What is it Like to Attend Pomona College?

The tutors behind Varsity Tutors are not just here to teach – they’re sharing their college experiences as well. Alexandra is a New York City tutor and 2006 graduate of Pomona College where she studied Theater and French. She specializes in many subjects including Math tutoring, English tutoring, French tutoring, and various areas of test prep. See what she had to say about her experience at Pomona:

VT:  Describe the campus setting and transportation options. How urban or safe is the campus? Are there buses or do you need a car/bike?

Alexandra: As part of a 5-college consortium, even though Pomona's a small school, the campus feels quite large as all the schools' facilities are available to all Consortium students. It often feels like a world in and of itself although the surrounding town is cute too. You certainly don't need transportation to get around campus but, if you want to go off-campus to buy groceries, you need a bike or car. To go to L.A. (40 miles away), you need a car, although there is a train that goes into Union Station. There are no buses that I know of. 

VT: How available are the professors, academic advisers, and teaching assistants?

Alexandra: Very available. My professors and advisers were always available via e-mail and, often, to meet for lunch or coffee. Teaching assistants often offered extra study sessions before tests. 

VT: How would you describe the dorm life – rooms, dining options, location, socialization opportunities with other students?

Alexandra: Rooms are large, with singles possible all four years. Dining options are varied since you can eat at any of the colleges' dining halls. You can also spend FLEX dollars off-campus. Freshman year is very focused on socialization with every freshman being placed in a group on their hall that has a sophomore big "brother" and "sister" looking out for them. The location is definitely NOT a city (and very few people go into L.A. more than once a month, if that) but there's always LOTS to do on-campus. 

VT: Which majors/programs are best represented and supported? What did you study and why? Did the university do a good job supporting your particular area of study?

Alexandra: I'm honestly not sure what the "best" majors and programs are. I was a double major in French and Theater. I knew I wanted to be an actress and that I wanted to retain my fluency in French (with an eye toward tutoring it to support my acting career). I also took several English classes. One reason I chose Pomona was that distribution requirements were flexible enough that I could do my double major and still spend junior year abroad in Paris. I still graduated in four years. Because it's a small school, the Theater and French departments were happy to work with me to make this possible. 

VT: How easy or difficult was it for you to meet people and make friends as a freshman? Does Greek life play a significant role in the campus social life?

Alexandra: My dearest friends from college were all people I met freshman year. They do a careful job selecting people on your hall whom you will likely befriend. There are also pre-orientation programs that are a great way to meet people. There's virtually no Greek like on-campus -- two relaxed fraternities that throw the occasional party that's open to all. 

VT: How helpful is the Career Center and other student support services? Do many reputable companies recruit on campus?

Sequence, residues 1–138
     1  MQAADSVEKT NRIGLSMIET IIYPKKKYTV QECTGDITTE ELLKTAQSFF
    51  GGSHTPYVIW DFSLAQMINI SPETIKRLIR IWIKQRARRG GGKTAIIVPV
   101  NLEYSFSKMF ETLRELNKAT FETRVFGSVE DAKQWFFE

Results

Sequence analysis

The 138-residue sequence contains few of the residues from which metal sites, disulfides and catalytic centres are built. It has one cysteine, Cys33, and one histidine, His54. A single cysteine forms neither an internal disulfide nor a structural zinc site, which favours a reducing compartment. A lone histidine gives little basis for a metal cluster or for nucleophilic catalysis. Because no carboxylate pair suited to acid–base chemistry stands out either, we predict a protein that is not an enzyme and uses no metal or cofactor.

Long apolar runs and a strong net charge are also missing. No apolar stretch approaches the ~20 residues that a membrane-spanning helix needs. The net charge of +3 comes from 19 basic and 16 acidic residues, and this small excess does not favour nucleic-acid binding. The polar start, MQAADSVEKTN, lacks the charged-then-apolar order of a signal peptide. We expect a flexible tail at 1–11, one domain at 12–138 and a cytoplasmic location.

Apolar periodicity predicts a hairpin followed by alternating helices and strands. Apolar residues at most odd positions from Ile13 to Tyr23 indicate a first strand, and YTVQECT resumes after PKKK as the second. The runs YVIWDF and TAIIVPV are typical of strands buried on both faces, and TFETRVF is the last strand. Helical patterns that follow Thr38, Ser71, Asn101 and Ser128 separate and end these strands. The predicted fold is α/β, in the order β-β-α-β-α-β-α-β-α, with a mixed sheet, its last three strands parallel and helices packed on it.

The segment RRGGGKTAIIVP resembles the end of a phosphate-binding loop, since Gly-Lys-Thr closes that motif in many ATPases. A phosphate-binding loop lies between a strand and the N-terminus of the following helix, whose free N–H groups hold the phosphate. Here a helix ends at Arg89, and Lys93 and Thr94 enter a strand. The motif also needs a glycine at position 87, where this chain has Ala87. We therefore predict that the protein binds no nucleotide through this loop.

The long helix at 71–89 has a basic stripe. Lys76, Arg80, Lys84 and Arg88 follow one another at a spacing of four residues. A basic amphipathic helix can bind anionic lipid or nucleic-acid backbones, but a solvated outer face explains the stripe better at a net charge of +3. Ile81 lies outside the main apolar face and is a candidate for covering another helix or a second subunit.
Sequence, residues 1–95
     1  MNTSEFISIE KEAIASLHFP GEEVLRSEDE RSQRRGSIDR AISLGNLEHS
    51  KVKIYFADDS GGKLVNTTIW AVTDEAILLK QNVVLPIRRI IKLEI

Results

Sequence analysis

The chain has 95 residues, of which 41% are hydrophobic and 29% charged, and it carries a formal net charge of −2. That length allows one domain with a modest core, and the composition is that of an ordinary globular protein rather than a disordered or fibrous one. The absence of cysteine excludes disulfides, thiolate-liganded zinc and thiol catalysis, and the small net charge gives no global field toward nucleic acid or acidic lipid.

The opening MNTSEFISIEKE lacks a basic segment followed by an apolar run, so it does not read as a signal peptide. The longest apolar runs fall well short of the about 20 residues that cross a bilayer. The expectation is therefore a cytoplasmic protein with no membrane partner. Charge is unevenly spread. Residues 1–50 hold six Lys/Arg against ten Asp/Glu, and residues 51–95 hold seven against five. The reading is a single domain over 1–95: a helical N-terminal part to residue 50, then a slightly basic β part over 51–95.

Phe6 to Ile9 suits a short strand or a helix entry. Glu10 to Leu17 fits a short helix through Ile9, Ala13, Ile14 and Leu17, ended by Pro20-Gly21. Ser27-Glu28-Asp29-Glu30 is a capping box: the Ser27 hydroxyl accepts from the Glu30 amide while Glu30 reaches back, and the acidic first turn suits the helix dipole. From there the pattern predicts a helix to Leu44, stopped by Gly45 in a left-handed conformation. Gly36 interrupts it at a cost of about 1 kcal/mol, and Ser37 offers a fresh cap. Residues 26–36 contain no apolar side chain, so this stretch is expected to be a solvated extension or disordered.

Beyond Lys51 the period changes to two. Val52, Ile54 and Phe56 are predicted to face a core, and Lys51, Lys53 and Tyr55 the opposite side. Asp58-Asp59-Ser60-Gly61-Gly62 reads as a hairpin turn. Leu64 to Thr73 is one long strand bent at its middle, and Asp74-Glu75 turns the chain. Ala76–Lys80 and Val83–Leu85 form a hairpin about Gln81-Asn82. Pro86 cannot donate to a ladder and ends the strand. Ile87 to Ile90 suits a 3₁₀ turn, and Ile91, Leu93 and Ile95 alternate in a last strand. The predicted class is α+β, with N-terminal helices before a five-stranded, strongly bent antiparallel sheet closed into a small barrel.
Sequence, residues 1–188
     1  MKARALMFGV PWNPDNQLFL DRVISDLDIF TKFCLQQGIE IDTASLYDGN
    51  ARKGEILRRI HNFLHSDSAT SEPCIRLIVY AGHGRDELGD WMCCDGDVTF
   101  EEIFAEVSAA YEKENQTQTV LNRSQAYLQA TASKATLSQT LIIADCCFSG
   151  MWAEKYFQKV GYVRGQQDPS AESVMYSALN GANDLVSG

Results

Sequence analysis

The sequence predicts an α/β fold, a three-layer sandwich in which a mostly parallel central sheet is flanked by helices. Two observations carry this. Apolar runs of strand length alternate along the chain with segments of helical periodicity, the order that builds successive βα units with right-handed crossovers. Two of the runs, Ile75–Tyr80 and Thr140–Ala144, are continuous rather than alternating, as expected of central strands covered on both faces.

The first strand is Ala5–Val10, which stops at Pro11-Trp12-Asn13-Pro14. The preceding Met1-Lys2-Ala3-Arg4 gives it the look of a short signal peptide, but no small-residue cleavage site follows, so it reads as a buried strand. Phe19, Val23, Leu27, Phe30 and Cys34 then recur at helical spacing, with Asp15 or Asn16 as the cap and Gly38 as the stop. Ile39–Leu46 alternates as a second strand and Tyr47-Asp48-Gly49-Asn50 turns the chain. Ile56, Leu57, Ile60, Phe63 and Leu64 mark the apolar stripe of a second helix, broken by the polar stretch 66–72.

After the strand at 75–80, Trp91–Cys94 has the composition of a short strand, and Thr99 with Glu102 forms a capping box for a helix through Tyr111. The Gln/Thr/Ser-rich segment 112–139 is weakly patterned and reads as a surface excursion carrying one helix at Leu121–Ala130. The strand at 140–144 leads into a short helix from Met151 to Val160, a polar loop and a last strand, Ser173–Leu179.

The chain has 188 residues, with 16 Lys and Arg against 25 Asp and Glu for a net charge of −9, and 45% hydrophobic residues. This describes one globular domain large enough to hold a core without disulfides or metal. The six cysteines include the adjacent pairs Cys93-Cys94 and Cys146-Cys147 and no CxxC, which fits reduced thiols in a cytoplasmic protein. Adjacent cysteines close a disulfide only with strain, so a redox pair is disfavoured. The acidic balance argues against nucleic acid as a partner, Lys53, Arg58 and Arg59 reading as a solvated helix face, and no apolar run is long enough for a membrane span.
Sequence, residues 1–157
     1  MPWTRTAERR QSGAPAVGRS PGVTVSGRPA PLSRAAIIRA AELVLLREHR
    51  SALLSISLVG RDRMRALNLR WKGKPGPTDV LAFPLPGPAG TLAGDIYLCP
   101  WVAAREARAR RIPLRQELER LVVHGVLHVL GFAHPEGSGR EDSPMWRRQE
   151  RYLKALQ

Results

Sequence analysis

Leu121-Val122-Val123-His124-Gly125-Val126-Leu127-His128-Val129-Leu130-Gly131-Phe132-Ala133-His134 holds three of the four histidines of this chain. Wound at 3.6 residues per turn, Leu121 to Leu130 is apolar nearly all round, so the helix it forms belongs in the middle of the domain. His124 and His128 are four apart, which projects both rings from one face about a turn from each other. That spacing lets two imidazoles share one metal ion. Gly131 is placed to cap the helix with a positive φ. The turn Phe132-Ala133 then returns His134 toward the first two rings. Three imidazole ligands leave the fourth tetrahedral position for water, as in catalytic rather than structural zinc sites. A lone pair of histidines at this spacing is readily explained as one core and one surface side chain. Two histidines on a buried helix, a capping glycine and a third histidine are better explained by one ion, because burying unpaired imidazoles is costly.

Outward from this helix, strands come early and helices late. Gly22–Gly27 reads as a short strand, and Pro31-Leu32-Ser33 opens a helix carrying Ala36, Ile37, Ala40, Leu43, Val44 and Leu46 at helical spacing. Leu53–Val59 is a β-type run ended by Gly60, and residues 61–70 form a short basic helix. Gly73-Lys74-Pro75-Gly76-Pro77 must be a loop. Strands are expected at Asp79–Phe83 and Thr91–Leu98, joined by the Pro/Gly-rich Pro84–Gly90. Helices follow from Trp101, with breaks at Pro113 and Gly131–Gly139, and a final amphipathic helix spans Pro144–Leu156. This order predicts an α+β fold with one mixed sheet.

Alexandra: Because I was looking to work in a less mainstream field, I honestly don't know. My advisers in my majors were whom I turned to for career advice. 

VT: How are the various study areas such as libraries, student union, and dorm lounges?  Are they over-crowded, easily available, spacious?

Alexandra: The libraries are great. Every dorm has its own lounge and various clubs (the women's union in particular) are good study options. Lots of people also study outside in the sun (it IS Southern California). There's also a great coffee shop at Scripps (one of the other colleges). 

VT: Describe the surrounding town. What kinds of outside establishments / things to do are there that make it fun, boring, or somewhere in between? To what extent do students go to the downtown area of the city versus staying near campus? 

Alexandra: Very few people go all the way to L.A. Many stay on-campus. Claremont, the neighboring town, is a retirement community but they've been making a concerted effort to be hipper and more in tune with students' needs and they've been succeeding from what I've heard. There are good restaurants in town and a bowling alley a short drive away. On-campus there are always various parties, performances, and art exhibits. 

VT: How big or small is the student body? Were you generally pleased or displeased with the typical class sizes?

Alexandra: The student body is small but the entire consortium is larger. There were about 500 people in my graduating class at Pomona, 1000 in the Consortium. Classes are small and freshmen can take entirely seminar classes, depending on the subject, which I LOVED. 

VT: Describe one memorable experience with a professor and/or class. Perhaps one you loved the most or one you regret the most.

Alexandra: My French adviser and mentor would periodically take me out to lunch senior year to discuss my thesis. He also hired me as his teaching assistant for two classes that year and was very encouraging and helpful as he taught me how to teach. My freshman year, when I was stuck on a couple of grammar points, he met with me a couple of mornings each week for private (credited) grammar classes. This would never have happened at a big school. 

Check out Alexandra’s tutoring profile.

The views expressed in this article do not necessarily represent the views of Varsity Tutors.